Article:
(It’s not. You are being duped into forgetting about what’s important — equal opportunity, diversity, inclusion — and being sold on forced fun and ping pong tables in the office.

I don’t blog to read my words. (I could just be a graffiti artist like Banksy.) I blog about the fake allure of culture with the hope that you stop lying to yourselves and your workers about company culture.

People keep asking me if I’m going to LinkedIn Talent Connect.

It’s complicated.

A few months ago, I wrote an article about a LinkedIn hackathon that very few people actually read. I was like, “Is today the day that I woke up looking stupid?”

Here’s the summary: LinkedIn held a recruiting event, disguised as a non-technical hackathon, that perpetuated sexist and outdated myths about human resources — a function that’s actually doing okay. LinkedIn came across as elitist and ageist. They also used marketing language for the event that insults their current buyers — those HR people and recruiters who are allegedly broken and old.

Then some dude at LinkedIn wrote an adorable and emotional response to my post, which probably wasn’t approved by his boss. His heart was in the right place; however, nobody read his post, either. Much of the comments are reactionary, uninformed and somewhat offensive.

Welcome to the internet in 2015.

Then my name showed up in forums and tweets. I received eerie messages via email and social media. It was tough to differentiate between the messages from weirdos and the messages from LinkedIn employees who were defending the company brand. (Sometimes it was one in the same.)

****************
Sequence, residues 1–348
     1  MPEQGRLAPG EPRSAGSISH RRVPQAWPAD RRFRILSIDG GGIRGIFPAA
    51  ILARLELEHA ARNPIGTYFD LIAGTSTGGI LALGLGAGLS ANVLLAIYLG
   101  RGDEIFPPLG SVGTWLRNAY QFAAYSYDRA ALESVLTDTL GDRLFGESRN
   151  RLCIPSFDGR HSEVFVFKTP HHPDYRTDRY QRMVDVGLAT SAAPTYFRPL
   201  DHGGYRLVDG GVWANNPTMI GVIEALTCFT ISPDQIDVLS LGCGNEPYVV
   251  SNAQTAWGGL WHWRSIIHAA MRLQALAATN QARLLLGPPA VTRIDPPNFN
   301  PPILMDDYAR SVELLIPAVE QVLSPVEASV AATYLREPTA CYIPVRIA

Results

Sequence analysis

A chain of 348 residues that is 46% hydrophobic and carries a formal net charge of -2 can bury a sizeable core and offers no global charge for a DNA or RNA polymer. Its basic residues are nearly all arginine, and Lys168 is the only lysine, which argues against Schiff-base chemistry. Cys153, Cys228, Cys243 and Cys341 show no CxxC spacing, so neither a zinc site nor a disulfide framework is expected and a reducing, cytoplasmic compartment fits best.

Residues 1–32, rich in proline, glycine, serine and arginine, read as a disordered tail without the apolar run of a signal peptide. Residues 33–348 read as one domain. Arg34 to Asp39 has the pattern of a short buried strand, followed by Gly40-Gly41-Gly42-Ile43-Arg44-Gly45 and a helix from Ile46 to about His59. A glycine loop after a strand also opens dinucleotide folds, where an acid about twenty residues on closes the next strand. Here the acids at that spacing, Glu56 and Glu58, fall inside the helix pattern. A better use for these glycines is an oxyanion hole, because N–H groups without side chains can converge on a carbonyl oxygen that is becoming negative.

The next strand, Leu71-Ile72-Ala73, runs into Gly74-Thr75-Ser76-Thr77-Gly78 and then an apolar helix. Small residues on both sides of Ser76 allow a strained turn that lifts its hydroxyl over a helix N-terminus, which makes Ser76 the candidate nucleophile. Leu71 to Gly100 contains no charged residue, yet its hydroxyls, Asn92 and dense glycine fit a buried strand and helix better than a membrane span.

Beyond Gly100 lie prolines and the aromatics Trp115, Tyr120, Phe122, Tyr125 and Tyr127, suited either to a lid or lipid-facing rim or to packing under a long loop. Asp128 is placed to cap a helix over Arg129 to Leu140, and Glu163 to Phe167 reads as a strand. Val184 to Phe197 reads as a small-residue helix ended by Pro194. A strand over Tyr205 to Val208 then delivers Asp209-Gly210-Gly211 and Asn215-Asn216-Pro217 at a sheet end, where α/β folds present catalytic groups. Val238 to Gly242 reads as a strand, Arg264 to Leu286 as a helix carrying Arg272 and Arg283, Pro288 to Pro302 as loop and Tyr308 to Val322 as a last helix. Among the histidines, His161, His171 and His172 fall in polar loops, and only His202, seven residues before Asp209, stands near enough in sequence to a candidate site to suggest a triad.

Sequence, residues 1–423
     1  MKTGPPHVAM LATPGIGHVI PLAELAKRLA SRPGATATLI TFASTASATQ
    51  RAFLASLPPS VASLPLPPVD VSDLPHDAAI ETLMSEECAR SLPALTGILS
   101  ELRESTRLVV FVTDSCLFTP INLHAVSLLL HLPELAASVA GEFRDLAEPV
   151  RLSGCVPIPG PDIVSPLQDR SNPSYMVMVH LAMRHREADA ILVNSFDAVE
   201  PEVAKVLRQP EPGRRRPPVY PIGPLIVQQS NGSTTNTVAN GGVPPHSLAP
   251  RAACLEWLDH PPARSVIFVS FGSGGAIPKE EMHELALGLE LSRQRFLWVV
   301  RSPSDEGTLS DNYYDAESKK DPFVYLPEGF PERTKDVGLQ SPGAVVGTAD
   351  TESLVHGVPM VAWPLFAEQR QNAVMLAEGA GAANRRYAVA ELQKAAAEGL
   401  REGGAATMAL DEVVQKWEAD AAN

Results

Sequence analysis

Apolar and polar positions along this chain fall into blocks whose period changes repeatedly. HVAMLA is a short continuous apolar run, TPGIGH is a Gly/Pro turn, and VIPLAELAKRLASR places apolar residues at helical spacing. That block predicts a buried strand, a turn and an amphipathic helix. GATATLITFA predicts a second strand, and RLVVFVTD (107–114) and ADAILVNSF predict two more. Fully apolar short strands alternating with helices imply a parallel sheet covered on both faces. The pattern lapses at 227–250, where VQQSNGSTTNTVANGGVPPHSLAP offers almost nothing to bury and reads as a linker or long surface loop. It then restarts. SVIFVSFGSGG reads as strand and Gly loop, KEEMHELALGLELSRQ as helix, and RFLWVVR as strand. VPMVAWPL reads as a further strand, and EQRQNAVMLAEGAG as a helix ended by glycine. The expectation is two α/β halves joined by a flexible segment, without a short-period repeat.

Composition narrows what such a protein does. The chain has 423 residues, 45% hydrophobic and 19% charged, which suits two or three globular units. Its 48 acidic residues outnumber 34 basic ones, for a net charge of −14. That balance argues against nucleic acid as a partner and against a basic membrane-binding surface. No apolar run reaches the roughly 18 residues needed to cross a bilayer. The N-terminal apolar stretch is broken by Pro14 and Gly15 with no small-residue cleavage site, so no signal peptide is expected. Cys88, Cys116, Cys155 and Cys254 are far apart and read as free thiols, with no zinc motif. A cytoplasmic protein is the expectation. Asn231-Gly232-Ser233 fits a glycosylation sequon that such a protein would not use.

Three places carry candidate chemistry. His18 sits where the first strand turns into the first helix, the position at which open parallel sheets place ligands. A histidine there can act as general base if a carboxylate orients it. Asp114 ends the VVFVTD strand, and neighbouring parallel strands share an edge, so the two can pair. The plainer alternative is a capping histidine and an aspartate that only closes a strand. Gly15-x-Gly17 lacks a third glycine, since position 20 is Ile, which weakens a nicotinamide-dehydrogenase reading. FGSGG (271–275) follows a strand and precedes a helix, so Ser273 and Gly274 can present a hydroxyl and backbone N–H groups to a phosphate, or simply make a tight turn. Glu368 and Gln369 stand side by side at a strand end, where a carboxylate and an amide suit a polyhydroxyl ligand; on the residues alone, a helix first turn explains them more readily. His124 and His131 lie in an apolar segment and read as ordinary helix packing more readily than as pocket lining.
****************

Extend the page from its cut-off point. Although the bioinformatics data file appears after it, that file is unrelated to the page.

I’m busy, so I reached out to someone who works in LinkedIn’s HR department and asked if we could talk. Apparently, LinkedIn was going through an Outlook to Google email migration and my emails weren’t coming through. Or she didn’t want to speak to me. (Both could be true.) We finally connected on my third attempt to reach her.

We spoke on the phone, or rather, she took my call on speakerphone so she could take notes — probably with lawyers in the room, but maybe not. (That’s how I would have done it.) We also spoke in the afternoon, Pacific time, because no other time matters when you work in the tech industry. I postponed dinner to have this chat. That’s how much I wanted to resolve this weirdness.

No good deed goes unpunished. The HR lady at LinkedIn wanted to know what I wanted from her, which is a legitimate question. LinkedIn doesn’t control the internet. People write what they want to write. What’s the big deal?

I said, yeah, that’s true. But she ostensibly becomes my HR lady for a few minutes while I vent about how stupid this whole process feels.

Then I focused on solutions, something she can’t  do because she is a non-strategic HR lady (according to her hackathon).

I said — I have zero relationships with anybody at LinkedIn, unlike other large enterprise software companies. I could come to LinkedIn Talent Connect on my dime and reintroduce myself to her bosses and the leadership team. I said — we could start fresh, establish relationships and have a less combative relationship. Fantastic suggestion, right? Excellent olive branch, yes?

I haven’t heard from her since.

So my opinion of the LinkedIn business model is unchanged. LinkedIn is like the Ashley Madison of HR. The only reason you go there is to cheat on your current employer, and your data gets hacked.

And I’m probably not going to LinkedIn Talent Connect.